When the tests are doing their job they become the place you go to reproduce bugs. The question being not "where in my code is the bug happening" but "how did my tests miss this". Duplicate the bug in a test. Then fix it. The test remains to ensure it stays fixed. It takes some discipline but it pays off big time in software quality dividends. There is no alternative and little middle ground. Where it is embraced quality is great and stays great. Where it is rejected, or ignored, quality enters a tail spin. There is a night and day difference.

    Your QC staff - at the end of the process are making sure the pieces are hanging together as an integrated system. Making sure you are meeting your requirements. Making sure the quality that should be there is there and when it isn't getting down to the root causes to answer why not. They aren't crap rejectors trying to stop junk from hitting the world. That's not QC, that's baby sitting the developers. They aren't controlling quality at that point because there was no quality there to control to begin with. My guess is the most of what I described above is absent at Sencha. That there are QC roles filled somewhere in Sencha, but those individuals are no more than crap detectors who struggle as best they can to keep junk from escaping. But it's an impossible job and it won't produce quality software.

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    Default new version.....new bugs.....

    new version.....new bugs.....


    I saw those problem related to toggle buttons and tooltip component..... but

    what about infinite grid component.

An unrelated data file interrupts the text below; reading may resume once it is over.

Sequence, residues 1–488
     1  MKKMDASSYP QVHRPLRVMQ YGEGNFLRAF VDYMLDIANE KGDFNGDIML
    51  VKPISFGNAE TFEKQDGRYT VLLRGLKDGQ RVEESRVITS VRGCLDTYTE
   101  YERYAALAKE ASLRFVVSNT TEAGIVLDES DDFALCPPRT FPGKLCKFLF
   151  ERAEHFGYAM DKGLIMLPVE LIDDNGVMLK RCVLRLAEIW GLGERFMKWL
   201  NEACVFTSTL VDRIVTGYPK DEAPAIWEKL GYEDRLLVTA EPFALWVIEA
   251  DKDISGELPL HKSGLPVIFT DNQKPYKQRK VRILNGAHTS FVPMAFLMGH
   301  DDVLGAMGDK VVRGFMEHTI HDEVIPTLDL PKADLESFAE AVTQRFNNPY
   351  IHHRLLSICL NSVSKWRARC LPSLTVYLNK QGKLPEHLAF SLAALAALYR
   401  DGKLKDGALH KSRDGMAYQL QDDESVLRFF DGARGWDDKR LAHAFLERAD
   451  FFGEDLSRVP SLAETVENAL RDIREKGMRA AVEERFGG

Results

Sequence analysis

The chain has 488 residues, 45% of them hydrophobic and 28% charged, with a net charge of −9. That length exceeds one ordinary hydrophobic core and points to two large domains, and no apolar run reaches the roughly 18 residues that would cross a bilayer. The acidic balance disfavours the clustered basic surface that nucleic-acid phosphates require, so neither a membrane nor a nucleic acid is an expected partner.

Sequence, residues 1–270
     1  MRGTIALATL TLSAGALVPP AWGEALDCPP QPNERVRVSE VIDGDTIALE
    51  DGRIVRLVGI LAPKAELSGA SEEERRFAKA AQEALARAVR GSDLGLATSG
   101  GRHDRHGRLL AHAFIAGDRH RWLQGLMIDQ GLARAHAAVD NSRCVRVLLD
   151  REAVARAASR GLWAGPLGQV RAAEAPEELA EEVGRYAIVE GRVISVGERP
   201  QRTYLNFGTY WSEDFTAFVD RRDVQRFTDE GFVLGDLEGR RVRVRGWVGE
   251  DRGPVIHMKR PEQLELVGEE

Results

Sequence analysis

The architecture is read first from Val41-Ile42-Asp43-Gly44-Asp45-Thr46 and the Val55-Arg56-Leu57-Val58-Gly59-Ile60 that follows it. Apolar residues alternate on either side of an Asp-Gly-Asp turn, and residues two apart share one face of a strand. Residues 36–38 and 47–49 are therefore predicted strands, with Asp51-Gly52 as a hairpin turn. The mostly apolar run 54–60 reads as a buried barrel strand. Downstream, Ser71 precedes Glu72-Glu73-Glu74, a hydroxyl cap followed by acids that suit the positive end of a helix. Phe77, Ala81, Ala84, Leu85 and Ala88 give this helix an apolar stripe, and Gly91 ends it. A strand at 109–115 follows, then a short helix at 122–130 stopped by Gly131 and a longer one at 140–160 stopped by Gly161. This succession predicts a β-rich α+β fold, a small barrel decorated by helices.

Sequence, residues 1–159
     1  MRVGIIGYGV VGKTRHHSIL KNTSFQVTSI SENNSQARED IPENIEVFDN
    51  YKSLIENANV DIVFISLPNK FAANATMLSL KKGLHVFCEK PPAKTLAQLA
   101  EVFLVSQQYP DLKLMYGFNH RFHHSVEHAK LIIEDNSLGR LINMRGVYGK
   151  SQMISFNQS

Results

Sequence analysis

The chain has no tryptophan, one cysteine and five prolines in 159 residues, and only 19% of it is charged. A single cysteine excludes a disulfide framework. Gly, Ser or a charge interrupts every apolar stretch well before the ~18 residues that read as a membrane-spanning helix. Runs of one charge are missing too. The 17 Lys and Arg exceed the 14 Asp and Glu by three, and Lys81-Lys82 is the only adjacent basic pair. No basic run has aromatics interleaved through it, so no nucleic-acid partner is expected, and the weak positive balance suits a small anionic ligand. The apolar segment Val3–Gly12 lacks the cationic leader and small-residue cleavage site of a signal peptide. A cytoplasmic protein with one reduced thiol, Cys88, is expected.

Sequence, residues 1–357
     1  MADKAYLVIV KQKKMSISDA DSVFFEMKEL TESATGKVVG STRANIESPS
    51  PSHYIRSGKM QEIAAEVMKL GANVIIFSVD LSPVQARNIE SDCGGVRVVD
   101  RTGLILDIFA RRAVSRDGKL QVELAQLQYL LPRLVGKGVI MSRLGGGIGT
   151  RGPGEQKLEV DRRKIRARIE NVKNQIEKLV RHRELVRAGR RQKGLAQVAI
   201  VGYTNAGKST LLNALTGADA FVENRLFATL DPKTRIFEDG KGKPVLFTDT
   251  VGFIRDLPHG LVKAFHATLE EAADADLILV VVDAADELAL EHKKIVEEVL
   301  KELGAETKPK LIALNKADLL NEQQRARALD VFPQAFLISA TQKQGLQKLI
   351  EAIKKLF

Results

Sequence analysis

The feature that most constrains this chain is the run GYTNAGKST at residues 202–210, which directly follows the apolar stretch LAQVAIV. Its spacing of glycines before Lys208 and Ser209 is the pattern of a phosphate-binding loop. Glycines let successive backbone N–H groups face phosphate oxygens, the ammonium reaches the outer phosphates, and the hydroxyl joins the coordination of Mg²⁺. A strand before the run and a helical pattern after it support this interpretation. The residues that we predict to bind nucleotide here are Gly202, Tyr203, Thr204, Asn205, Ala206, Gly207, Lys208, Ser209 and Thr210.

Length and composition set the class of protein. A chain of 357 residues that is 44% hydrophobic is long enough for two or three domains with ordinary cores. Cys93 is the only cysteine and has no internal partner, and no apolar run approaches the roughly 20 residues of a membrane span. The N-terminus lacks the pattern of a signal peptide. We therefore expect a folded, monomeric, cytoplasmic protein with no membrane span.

In 4.1.3. it works without problem ( with a quick fix ).
    In 4.2.1., o my god ...... full of bugs and also Sencha remove a lot of features (add row into a buffer store for examples).
    About the removal of the features, let say it is ok....... but.... about the infinite scrolling bugs.
    I don't understand how this bugs were left in the framework, I mean
    : reload grid function, grid will not work if they are not data to retrive, scroll problem ( I broke their example application ) ..... I mean common.....

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    I'm in vehement agreement.

    I didn't try the buffered store / infinite grid until 4.2.0 so I don't know if they worked before or not. If they did work in prior release then I take that as evidence that there is no automated testing. Automated testing of lower level libraries, e.g. basic io and a buffering algorithm, is fairly simple. New code shouldn't appear without test coverage and modifications shouldn't appear with out passing the existing tests. Fiddling around manually with example code is absolutely not a substitute.

    If Sencha are trying to maintain their code without a great suite of automated tests then expect more problems. The evidence suggests that they work without that discipline.

    I would have more sympathy if it were some subtle issue of layout or styling or similar in an odd flavour of some old browser that resists test automation. But I have pretty much zero sympathy for what I see here.

    I'm doubly agitated because I have my own exhaustively tested layer of caching underneath all my Ext code and don't even need a buffered store! The grid scrolling would be enough, but by design they appear to have them tightly coupled... (poor design - a whole separate discussion!).

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    I fully agree on jptrainor on this one, i`ve been involved since 2.x and what scares me the most is the fact that I havent seen a test suite bundled together with the ExtJS or Touch framework whatsoever. For me thats a sign that test suites are absent all together.
    I`m from Holland!